Citizens taking action ~ Vancouver, Lower Mainland, and beyond.

Friday, January 22, 2010

When corporations leave town

Today's news that the Catalyst's two recycling mills in BC will close is an opportunity to consider the bizarre reality of global marketing -- and the continuing impacts on local communities.

Two decades ago I wrote a newsletter for the Recycling Council of BC that was prompted by a call from Newstech Recycling, as Catalyst was called then. They were ramping up production of recycled newspaper to satisfy growing demand in the US, where we sell most of our newsprint. Their problem was obtaining adequate quantities of recycled newspapers in good enough condition to use in their recycling plants.

Looking into the background of that story I learned that Canada supplied almost 2/3 of the world's newsprint. We were emptying our forests to provide groundwood pulp and paper to countries that didn't have forests.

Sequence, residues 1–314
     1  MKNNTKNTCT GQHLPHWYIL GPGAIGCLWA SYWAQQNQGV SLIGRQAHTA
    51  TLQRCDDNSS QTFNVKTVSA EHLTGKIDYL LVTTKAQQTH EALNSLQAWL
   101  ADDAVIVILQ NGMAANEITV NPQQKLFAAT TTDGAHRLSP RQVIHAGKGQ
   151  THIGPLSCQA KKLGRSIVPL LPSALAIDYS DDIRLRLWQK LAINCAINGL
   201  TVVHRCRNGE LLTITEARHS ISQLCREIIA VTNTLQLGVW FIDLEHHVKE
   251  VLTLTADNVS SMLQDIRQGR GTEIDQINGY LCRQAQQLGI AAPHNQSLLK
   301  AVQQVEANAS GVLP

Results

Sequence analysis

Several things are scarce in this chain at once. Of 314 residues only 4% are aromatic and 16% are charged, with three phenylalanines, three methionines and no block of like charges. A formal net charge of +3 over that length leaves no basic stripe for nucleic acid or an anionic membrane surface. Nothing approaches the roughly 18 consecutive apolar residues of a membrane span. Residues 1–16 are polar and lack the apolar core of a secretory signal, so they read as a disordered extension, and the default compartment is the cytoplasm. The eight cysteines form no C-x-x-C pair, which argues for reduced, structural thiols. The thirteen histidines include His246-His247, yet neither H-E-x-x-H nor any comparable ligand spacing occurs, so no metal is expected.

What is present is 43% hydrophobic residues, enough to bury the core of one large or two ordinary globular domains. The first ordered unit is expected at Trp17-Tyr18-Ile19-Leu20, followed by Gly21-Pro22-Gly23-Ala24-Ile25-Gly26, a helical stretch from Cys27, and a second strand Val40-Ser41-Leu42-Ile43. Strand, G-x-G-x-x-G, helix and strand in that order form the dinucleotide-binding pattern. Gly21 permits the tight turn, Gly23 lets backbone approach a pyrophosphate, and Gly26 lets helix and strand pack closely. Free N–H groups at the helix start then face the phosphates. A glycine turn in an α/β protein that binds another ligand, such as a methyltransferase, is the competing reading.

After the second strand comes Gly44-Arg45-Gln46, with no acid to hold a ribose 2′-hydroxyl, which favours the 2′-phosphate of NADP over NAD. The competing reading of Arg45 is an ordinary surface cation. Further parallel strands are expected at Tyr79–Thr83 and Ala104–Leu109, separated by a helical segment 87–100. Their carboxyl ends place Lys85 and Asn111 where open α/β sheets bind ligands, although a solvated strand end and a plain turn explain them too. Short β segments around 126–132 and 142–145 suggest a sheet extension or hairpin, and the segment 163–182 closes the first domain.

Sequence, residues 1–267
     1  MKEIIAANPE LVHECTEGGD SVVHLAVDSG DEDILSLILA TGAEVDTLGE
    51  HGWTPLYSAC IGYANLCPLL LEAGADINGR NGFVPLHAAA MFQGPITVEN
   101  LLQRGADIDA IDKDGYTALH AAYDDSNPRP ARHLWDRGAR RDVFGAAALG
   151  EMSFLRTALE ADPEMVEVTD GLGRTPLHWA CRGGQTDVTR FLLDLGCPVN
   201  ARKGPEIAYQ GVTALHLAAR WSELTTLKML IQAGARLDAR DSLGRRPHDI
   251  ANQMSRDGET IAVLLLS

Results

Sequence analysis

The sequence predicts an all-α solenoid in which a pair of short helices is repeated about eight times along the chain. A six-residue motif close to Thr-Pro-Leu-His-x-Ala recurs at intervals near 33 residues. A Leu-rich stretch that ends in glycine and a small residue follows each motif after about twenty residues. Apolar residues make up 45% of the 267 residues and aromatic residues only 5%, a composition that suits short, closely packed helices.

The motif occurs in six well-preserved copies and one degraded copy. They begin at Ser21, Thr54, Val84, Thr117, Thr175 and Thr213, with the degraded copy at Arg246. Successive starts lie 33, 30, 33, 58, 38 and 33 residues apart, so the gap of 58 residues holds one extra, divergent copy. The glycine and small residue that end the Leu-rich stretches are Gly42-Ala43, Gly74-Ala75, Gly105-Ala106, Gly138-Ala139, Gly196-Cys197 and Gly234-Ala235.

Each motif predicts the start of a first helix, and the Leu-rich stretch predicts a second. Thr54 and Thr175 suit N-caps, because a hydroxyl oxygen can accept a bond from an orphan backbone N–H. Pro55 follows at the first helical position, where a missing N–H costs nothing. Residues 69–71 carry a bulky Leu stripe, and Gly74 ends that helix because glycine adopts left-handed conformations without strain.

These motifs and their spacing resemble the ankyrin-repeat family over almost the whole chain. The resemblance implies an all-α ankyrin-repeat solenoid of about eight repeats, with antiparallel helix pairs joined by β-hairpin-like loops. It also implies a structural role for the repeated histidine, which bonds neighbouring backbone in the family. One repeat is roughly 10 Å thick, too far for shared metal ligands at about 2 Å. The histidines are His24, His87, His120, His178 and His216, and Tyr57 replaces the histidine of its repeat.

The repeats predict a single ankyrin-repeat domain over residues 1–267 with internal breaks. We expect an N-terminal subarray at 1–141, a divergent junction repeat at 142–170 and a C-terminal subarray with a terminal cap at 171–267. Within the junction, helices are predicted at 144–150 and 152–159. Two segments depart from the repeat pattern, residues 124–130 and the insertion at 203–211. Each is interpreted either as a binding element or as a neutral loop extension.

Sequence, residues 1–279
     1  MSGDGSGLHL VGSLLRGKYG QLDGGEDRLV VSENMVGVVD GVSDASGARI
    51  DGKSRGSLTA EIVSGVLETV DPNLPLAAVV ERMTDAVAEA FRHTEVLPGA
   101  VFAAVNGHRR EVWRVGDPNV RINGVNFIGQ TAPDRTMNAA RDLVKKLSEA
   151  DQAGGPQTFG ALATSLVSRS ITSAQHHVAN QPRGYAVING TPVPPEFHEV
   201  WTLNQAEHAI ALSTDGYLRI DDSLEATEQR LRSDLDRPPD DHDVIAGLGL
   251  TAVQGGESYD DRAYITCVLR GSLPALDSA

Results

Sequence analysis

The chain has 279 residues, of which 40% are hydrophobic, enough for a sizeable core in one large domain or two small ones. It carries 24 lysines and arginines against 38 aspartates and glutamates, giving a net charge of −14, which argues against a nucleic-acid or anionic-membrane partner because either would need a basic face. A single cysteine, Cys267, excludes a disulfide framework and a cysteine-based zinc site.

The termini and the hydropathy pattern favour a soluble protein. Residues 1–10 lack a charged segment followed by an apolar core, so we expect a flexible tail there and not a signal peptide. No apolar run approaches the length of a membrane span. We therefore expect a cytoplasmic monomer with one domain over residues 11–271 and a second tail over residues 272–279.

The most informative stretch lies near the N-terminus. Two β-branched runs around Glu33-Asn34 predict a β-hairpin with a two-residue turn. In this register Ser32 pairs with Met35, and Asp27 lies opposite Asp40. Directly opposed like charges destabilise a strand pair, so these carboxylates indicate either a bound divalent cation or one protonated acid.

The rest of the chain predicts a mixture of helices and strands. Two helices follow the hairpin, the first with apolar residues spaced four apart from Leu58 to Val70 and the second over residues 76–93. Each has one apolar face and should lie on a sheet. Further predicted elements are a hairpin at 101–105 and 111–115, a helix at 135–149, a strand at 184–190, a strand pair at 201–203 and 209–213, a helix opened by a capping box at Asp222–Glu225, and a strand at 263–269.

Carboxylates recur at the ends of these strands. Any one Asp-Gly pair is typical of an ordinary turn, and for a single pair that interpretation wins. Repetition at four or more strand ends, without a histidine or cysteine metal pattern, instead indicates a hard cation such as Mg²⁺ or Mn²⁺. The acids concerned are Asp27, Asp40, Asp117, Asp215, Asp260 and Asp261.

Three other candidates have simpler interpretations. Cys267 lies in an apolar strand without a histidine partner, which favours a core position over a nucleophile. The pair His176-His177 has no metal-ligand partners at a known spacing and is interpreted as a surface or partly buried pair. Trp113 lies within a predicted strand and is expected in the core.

But the upsurge in demand for recycled paper created serious problems for our industry -- and potentially for our environment.

I calculated that if Canada shifted to just 10% recycled content in all the newspaper we produce to meet that demand, we would have to import staggering quantities of old newspapers (I've forgotten the exact figures) to use as feedstock in our mills.

Furthermore, the amount of toxic ink washed out of the old newspaper to prepare it for recycling would be greater the total tonnage of old newspapers that we throw out ourselves here in Canada. By becoming recyclers of the world's newsprint, we would end up importing far more waste than we avoid.

Any surprise that Catalyst set up a paper recycling mill in Arizona, right next door to the vast "urban forest" in California? It makes much more sense to put the recycling plant where the supply of old newspaper is.

Since the early 1990s when I wrote that newsletter, Canada's share of the global newsprint market has dropped from 62% to 53%, reflecting the rise in recycling. The companies like Catalyst can just shift their assets to where the market exists. But our forests and the communities they supported are left behind to start all over again.

Even with the decline in Canada's share of the market there is still a huge imbalance when a country with 0.5% of the world's population supplies over half of the world's newspaper. This system is going to crumble, piece by piece, one plant at a time.

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